A new system for benefit claiming comes into use in Preston during July.Advertisement
Preston is one of dozens of local authorities to see the new Universal Credit be introduced.
The means-tested benefit for people of working age replaces the following six current benefits:
– income support
– income-based Jobseeker’s Allowance
– income-related employment and sipport allowance
– housing benefit
– child tax credit
– working tax credit
Preston’s rollout date for the new benefits system is from Wednesday 18 July.
Amounts given out under Universal Credit are dependant on the income and circumstances of the household.
For those under-25 and claiming on their own it is £251.77 per month, for single claimants aged 25 or over it’s £317.82.
Joint claimants both under 25 could see £395.20 per month and joint claimants aged 25 or over it is £498.89 per month.
Universal credit is a single payment made monthly in arrears.
The government says it has made payments quicker under Universal Credit, by scrapping the seven-days rule, it had been facing criticism with some people waiting weeks for payments.
Work and pensioners secretary Esther McVey said: “It can be a worrying time looking for work and our priorities are to help people find employment quickly and to improve lives. Our package of support affords better help for people as soon as they make a claim to Universal Credit.”
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Turn2Us is a charity which helps people struggling financially to ensure they are claiming what they should be.
Pritie Billimoria, Head of Communications of Turn2us, said: “Even though Universal Credit is being introduced to Preston next month, most people won’t need to worry about switching just yet. Unless you are new to benefits or have a change in circumstances you won’t be transferred onto Universal Credit until at least 2019.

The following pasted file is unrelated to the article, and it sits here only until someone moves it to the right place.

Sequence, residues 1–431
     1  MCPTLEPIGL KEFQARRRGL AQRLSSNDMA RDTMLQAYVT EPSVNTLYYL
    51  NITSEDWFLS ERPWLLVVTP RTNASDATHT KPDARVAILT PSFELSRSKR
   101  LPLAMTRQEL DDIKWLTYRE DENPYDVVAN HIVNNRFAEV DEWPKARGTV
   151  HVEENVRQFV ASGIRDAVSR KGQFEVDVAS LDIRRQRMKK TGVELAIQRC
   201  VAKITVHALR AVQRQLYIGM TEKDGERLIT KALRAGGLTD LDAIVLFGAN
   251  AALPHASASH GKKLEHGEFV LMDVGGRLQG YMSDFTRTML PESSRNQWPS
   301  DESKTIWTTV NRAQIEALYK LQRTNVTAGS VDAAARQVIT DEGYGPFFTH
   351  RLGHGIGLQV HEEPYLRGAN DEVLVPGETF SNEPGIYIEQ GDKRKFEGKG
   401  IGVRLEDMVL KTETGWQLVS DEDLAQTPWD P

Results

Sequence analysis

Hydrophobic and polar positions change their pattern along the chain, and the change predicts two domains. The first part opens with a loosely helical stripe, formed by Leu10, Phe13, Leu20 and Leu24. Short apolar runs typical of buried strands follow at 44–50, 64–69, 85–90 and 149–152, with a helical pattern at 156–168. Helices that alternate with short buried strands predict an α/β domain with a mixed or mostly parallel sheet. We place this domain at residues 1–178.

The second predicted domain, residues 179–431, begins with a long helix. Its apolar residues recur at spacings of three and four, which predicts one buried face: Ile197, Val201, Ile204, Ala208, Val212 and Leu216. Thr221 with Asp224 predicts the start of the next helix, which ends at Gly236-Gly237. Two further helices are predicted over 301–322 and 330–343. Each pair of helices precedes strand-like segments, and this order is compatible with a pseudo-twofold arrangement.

“In regards to people contacting us, we have seen a surge in people contacting us in fear and confusion about Universal Credit, and we want anyone who is worried about it to get in contact to understand their full rights and entitlements.”
ICANN is a Preston-based charity that helps support people undergoing work capability assessments as part of their Universal Credit claim.
Services manager Janet Cullingford said: “There was a national survey published in last few days suggesting that customer experience of UC was even worse than we were being led to believe.
“Our concerns are around people not being able to manage the digital platform, maybe due to poor literacy, IT inexperience, lack of IT availability etc, they may end up getting sanctioned for not meeting their claimant commitment.
“Feedback from other areas shows that there are still delays in claims resulting in financial hardship, and difficulties where people are not used to managing to budget monthly.
“I am sure the food bank referrals will increase. The pressure on local charities who help with advice, advocacy, benefits and the like will go up, which we will struggle to meet demand. More volunteers are needed.”
Leader of Preston City Council councillor Matthew Brown said: “Evidence shows it is often the vulnerable and disabled in our community who are affected by this government’s welfare reforms including Universal Credit.
“We will do what we can to fight back by protecting crucial advice services but also expanding access to affordable food, credit, energy and housing as well as seeking to create a fairer and more democratic local economy.”
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For anyone who will be affected by Universal Credit then the government website is the first place to turn.
Turn2Us has a huge number of guides and resources available, and they also have a benefits calculator which helps your work out how much you should be entitled to in terms of benefits.
Will you or someone in your family be affected by Universal Credit? What do you think of the idea? Let us know in the comments below or you can email us on firstname.lastname@example.org